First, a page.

March 6, 2024 at 9:21 a.m.

Rejoice in a song of restoration

In the cycle A Gospel John 9:1-41, we hear of Jesus’ encounter with the man born blind and how this sign of restoration of his eyesight is the promise of how we will be born again in the waters of bap
WORD OF FAITH: A breakdown of each week's upcoming Sunday readings to better understand the Word of God at Mass.
WORD OF FAITH: A breakdown of each week's upcoming Sunday readings to better understand the Word of God at Mass.

By Father Anthony Ligato | Comments: 0 | Leave a comment

For God so loved the world that he gave his one and only Son, that whoever believes in him shall not perish but have eternal life. — John 3:16

On this Fourth Sunday of Lent, which is known as Laetare Sunday from the Latin meaning rejoice, we are presented with contradictions in the Liturgy: mourning and rejoicing, darkness and light, ignorance and knowledge, ugliness and beauty, destruction and restoration, a song of sorrow and a song of joy. All these realities are present in the Scriptures and in the Liturgy itself.

These same contradictions exist in each of us; we have the ability to mourn and rejoice at the same time. Our lives can be immersed in darkness even when there is light all around us. We can have all the degrees in the world and be seen by others as knowledgeable and still be ignorant of the truth. We know from life experience that from the destruction of our lives comes restoration. In the same way the songs we love the most speak of sorrow and the hope of rejoicing.

When you make a decision to restore something, you have to decide to knock down in order to rebuild. I remember that when I was faced with a restoration project it made me nervous. I thought to myself, what if in my quest to restore that which has deteriorated, I cause further destruction rather than restoration. Let me explain. I had the greatest privilege when I was pastor at Holy Family Parish in Little Falls to restore one of the most beautiful churches in the Diocese of Albany. Holy Family Parish dates back to the 1870s and the parish was founded in the 1840s as St. Mary’s Church. The church that was built in the 1870s has all the richness and size of a gothic cathedral. 

When I arrived, the church was in need of interior restoration and they had decided to paint the church. It had been painted white in the 1970s from ceiling to floor. Having just arrived and fearful of making the wrong decision, I put the project on hold and brought in consultants to advise us on the original colors of the church. We decided on a warm and rich looking color palette and, along with painting, we pulled up floors and removed rows of pews and liturgical furnishing that were not in keeping with the architectural design of the church we endeavored on the restoration project. We could only hope we would bring the church back to the fullness of its beauty, and would only know for sure once it was complete.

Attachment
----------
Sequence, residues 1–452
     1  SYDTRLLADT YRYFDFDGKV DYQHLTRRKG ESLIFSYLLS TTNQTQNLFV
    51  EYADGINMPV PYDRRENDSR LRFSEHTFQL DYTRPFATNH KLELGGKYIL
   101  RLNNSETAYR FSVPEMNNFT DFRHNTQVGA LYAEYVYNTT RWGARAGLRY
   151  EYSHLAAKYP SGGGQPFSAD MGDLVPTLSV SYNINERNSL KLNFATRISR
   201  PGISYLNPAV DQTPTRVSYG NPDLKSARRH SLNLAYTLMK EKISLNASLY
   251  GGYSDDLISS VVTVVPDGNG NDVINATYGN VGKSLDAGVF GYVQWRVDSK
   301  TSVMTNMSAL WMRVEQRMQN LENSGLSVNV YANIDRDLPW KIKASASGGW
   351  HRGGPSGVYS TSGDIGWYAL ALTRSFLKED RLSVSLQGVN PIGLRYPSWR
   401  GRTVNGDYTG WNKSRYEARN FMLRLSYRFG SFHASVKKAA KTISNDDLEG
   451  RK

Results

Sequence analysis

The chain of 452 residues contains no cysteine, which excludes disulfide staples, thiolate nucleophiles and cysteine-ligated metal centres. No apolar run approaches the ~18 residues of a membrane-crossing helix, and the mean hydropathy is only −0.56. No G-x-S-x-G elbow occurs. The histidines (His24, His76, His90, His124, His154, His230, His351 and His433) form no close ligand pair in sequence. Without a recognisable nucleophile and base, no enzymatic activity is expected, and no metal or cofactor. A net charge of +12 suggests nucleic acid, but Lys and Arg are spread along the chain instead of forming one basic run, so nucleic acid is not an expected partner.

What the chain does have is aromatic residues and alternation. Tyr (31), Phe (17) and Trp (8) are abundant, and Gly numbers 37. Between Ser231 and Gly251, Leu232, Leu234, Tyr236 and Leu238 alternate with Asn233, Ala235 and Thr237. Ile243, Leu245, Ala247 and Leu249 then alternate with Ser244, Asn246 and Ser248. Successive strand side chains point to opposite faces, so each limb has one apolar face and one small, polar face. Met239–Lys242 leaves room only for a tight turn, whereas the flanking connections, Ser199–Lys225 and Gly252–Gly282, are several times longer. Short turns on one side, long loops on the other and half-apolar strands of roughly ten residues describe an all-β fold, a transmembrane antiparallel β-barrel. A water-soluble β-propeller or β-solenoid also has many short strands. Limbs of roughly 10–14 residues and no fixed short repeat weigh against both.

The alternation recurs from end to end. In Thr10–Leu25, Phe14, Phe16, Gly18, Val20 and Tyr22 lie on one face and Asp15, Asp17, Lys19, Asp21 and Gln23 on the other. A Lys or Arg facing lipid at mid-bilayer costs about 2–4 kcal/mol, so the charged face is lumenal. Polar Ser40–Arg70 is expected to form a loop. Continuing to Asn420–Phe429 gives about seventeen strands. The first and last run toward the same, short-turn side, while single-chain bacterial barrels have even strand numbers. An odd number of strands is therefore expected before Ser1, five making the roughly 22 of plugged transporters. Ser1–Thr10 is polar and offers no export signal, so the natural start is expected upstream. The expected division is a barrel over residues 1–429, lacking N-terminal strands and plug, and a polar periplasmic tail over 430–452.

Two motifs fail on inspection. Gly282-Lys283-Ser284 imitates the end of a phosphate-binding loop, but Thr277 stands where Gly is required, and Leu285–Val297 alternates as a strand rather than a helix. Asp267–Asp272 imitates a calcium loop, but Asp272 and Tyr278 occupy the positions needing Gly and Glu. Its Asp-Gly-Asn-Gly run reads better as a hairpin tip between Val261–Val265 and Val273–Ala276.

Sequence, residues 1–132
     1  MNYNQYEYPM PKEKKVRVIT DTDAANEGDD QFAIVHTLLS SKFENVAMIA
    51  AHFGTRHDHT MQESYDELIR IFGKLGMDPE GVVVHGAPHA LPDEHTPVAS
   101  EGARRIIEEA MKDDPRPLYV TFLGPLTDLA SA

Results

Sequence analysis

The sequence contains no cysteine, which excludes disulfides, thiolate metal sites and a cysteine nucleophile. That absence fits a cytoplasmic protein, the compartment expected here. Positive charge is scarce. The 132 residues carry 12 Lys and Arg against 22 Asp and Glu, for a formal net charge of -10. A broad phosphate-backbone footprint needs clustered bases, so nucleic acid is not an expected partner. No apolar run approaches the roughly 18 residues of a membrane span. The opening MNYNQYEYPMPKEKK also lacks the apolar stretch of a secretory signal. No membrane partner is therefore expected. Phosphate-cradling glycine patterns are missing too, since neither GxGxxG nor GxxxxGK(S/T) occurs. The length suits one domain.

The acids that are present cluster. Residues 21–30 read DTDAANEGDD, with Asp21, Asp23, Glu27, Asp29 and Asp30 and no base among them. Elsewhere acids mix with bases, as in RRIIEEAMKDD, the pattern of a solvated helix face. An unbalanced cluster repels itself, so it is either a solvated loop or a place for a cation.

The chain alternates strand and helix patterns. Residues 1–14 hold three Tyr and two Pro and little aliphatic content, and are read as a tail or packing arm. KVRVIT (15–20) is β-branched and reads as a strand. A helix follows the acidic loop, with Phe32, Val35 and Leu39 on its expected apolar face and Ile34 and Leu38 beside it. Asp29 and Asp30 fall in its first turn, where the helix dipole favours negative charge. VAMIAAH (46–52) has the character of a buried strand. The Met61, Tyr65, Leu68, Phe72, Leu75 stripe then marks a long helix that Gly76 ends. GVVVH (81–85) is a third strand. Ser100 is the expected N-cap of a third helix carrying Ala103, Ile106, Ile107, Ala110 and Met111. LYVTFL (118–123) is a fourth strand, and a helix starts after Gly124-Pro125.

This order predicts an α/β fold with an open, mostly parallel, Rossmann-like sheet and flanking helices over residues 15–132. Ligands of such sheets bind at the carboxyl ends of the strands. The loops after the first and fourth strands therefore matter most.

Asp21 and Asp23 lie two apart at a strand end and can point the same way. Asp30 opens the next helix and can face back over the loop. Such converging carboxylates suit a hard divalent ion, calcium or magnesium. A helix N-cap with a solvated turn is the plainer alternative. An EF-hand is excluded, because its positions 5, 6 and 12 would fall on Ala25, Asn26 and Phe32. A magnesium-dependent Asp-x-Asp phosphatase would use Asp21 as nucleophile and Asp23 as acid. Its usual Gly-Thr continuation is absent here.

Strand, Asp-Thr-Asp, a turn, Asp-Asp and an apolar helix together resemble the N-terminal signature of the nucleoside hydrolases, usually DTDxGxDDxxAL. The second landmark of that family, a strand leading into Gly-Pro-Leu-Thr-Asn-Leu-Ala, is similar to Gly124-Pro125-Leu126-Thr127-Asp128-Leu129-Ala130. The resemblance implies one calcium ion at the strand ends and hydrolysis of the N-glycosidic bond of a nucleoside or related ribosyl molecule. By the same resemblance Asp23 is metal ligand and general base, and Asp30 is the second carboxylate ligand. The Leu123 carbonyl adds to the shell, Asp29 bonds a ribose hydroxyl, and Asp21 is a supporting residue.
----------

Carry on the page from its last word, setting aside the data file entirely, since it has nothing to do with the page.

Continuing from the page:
In the cycle B readings for this Fourth Sunday of Lent from Second Chronicles 36:14-16,19-23, God has to allow the destruction of Judah in hopes that the people and the land will one day be restored. “Their enemies burnt the house of God, tore down the walls of Jerusalem, set palaces afire, and destroyed all its precious objects.” God allowed the people of Judah to plot their own course, and the results of that wrong course led to their destruction and exile to Babylon. 

God allowed this to unfold with the plan to restore Judah, “All this was to fulfill the word of the Lord spoken by Jeremiah: Until the land has retrieved its lost Sabbath, during all the time it lies waste shall have rest while seventy years are fulfilled.” It would be by the streams of Babylon that the people of Judah were being restored to the Sabbath, “How could we sing a song of the Lord in a foreign land? If I forget you Jerusalem, may my right hand be forgotten.” (Psalm 137) But they were able to sing a song of the Lord and as they mourned for Zion, they began to rejoice because they saw that their God was with them. They began their journey of restoration back to the Promised Land by moving from darkness to light, by no longer living in ignorance of God’s ways but rather by living in the knowledge of God. Their behavior was no longer ugly in the sight of God, now they were seen as beautiful. Their song of sorrow was now a song of rejoicing.

In the same way the cycle A readings speak of restoration. In First Samuel 16:1b, 6-7, 10-13a, the Lord sends Samuel to the House of Jesse to begin the process of restoring God’s Kingship by calling forth David and establishing the Davidic covenant and from that line Jesus would restore all humanity. The restoration Jesus would bring about is revealed in his exchange with Nicodemus who comes to Jesus in the dark of night seeking knowledge and light. “God so loved the world that he gave his only son.” (John 3:14-21)

Jesus’ conversation with Nicodemus is the promise of restoration, the promise of being born from above. For this to happen Jesus would have to die to bring about new life. Destruction brings about restoration. In the cycle A Gospel John 9:1-41, we hear of Jesus’ encounter with the man born blind and how this sign of restoration of his eyesight is the promise of how we will be born again in the waters of baptism. We will move from mourning to rejoicing, from darkness to light, from ignorance to knowledge, from ugliness to beauty, from sorrow to joy.


Comments:

You must login to comment.

250 X 250 AD
250 X 250 AD

Events

June

SU
MO
TU
WE
TH
FR
SA
2
3
4
5
6
7
8
30
1
2
3
4
5
6
SUN
MON
TUE
WED
THU
FRI
SAT
SUN MON TUE WED THU FRI SAT
26 27 28 29 30 31 1
2 3 4 5 6 7 8
9 10 11 12 13 14 15
16 17 18 19 20 21 22
23 24 25 26 27 28 29
30 1 2 3 4 5 6

To Submit an Event Sign in first

Today's Events

No calendar events have been scheduled for today.

250 X 250 AD